Industrial fishing has caused dramatic changes to environments and economies, as highlighted by Greenpeace’s latest report, pointing to China and, in particular, against CNCF, the China National Fisheries Corporation. The number of large Chinese fishing boats went from 13 in 1985 to more than 600 today. The report denounces the systematic use of illegal fishing methods, unrecorded catches, and the use of trawling nets that are devastating the diversity and abundance of marine fauna.


“The amazing thing is the constant use of two weights, two metrics when it comes to Africa,” says Ahmed Diamé, a Greenpeace activist in Senegal. “Europe and China are limiting fishing practices that damage the environment in their territorial waters, but, in Africa, they continue to use them widely.”

The report denounces 183 documented cases of improper practices in Gambia, Guinea, Guinea-Bissau, Mauritania, Senegal and Sierra Leone, carried out by Chinese vessels during the periods of 2000-2006 and 2011-2013. But no governments protested because China is a vital investor in scores of infrastructure projects. Including here in Senegal.

In 2015, Senegal signed with Europe a five-year “sustainable” fisheries agreement. According to the institutional website of the European Commission, it would seem the agreement was blessed by environmentalists, fauna protectors and local fishermen. But the story is more complex: The first agreement came into force from 1979 to 2006. Until the 1990s, there was fish for everyone. Then, around the year 2000, local fishermen began to notice that in order to find a good catch, they had to travel up to 40 kilometers, at significant cost. The European fishing vessels were beginning to destroy the Senegalese seas.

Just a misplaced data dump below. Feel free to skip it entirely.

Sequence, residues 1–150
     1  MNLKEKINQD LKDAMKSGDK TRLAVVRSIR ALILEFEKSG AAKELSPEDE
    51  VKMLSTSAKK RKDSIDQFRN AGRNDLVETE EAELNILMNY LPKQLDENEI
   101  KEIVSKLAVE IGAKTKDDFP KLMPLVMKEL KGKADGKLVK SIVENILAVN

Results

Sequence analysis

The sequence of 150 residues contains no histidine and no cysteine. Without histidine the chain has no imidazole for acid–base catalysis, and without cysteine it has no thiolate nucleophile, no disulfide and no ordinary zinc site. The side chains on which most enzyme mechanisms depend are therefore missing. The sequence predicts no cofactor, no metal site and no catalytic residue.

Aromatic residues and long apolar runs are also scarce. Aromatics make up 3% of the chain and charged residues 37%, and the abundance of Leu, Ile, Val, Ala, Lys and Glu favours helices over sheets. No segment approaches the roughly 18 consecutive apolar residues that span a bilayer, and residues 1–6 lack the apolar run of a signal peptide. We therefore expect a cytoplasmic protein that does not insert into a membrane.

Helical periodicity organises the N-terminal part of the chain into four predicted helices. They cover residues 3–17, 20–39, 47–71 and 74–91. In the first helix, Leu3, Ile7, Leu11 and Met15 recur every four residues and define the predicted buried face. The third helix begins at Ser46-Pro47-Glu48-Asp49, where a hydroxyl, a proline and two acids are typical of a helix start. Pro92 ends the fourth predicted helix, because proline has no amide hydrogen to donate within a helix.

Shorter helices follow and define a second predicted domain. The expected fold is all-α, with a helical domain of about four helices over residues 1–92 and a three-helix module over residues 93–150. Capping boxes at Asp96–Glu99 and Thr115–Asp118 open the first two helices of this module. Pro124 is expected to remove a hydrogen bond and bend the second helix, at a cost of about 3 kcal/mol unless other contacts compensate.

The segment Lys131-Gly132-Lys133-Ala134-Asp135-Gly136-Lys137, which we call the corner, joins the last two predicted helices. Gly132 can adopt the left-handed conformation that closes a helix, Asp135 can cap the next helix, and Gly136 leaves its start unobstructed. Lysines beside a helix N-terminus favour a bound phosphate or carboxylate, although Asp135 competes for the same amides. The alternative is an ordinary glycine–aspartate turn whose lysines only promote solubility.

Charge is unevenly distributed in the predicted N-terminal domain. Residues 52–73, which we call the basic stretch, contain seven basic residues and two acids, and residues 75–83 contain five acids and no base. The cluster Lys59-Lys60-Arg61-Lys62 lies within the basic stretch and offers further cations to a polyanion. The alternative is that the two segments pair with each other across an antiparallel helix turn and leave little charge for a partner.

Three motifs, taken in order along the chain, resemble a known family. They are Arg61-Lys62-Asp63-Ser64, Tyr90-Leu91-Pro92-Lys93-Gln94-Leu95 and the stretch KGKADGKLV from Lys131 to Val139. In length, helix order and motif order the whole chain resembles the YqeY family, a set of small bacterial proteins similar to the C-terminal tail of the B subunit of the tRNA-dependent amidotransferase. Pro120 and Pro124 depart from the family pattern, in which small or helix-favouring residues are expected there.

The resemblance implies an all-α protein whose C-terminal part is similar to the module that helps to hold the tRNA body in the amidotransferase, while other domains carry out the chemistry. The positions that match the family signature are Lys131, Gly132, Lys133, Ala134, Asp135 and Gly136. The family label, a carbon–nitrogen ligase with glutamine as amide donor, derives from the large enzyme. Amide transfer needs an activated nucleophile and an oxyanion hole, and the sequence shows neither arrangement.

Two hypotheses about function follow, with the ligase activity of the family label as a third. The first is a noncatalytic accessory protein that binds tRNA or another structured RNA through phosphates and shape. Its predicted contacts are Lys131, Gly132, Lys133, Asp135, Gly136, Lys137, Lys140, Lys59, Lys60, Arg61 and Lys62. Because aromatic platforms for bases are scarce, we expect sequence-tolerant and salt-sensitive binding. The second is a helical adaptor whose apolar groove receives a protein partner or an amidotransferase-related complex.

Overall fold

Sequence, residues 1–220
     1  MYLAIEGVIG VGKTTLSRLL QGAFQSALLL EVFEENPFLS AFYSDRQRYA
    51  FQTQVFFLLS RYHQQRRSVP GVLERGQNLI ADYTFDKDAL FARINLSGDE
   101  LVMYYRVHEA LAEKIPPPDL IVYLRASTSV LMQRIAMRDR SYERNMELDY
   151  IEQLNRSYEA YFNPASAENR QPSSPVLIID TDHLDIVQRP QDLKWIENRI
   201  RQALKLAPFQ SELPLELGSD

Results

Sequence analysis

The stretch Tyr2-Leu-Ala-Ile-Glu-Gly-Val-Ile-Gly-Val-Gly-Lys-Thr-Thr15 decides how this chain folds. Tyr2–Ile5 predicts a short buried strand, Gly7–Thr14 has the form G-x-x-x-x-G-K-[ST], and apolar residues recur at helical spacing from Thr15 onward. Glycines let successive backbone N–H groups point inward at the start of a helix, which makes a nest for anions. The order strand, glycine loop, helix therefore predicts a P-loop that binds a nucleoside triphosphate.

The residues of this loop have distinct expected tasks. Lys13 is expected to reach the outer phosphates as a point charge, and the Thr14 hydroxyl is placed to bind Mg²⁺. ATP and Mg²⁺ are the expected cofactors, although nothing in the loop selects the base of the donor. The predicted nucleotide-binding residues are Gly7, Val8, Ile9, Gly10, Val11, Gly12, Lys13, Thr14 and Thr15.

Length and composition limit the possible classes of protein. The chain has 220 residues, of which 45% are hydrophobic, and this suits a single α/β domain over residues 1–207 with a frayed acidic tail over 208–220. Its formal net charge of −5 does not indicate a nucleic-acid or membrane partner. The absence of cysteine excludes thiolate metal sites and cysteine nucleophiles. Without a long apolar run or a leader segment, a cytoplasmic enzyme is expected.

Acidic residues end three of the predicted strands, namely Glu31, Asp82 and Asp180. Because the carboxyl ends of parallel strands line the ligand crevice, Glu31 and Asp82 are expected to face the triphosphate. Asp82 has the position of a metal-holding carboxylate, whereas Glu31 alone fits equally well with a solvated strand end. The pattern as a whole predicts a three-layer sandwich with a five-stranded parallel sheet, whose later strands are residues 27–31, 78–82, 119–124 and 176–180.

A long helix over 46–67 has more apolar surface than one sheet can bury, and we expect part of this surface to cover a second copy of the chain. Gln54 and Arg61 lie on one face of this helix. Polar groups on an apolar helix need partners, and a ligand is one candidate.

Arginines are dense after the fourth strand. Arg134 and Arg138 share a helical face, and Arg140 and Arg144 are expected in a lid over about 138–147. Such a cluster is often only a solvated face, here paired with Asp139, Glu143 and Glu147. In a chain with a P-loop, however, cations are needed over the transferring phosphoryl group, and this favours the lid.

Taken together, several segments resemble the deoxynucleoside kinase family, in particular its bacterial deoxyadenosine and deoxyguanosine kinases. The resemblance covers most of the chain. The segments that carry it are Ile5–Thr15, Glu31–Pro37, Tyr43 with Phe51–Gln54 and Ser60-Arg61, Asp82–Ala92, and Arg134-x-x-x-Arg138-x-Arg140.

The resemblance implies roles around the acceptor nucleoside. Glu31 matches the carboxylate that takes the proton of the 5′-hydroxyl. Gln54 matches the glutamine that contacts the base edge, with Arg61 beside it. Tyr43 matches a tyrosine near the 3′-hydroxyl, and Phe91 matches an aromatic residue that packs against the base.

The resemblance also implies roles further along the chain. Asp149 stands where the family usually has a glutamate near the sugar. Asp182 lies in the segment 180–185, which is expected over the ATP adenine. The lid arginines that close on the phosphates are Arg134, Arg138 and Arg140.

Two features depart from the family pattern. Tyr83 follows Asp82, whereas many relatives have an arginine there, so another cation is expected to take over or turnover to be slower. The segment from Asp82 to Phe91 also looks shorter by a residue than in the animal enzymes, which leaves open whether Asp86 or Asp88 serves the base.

In Senegal, the fisheries sector employs 600,000 people; across all of Europe, it employs only 139,000. Therefore, it is a crucial sector for the country’s economy. So, in 2006, the government suspended fishing concessions and started new negotiations with Europe. Since January 2015, an agreement has entered into force, which will bring €14 million into the Senegalese treasury. There is a ceiling of tons of tuna and cod that can be caught, together with a program of investments in oceanographic research in Senegal.

However, Adama Lam, the chairman of Gaipes, the Senegal Fisheries Shipowners and Industrialists, strongly criticized the agreement in an interview with Reuters. “We are selling our fish resources; this is just the recolonization of the fish sector by the E.U.” Greenpeace is also critical, saying local fishermen’s associations were not included in the negotiations.

In the meantime, the fish market across Yoff continues its business, dirty and frantic as usual. Children and teenagers, unaware of all of this, play soccer on the beach. When the sea reaches low tide, the drift becomes a huge soccer field of hundreds of kids, one after the other for miles. The heads of players become darting dots on the horizon.

“Since there are no sports facilities in town, the beach is our gym, our camp. It’s everything,” says a boy while kicking away. Facing the ocean leading straight to America, the beach allows the kids to get out of Dakar’s chaos and find some peace. A beach that means a lot to the Lebus in Yoff.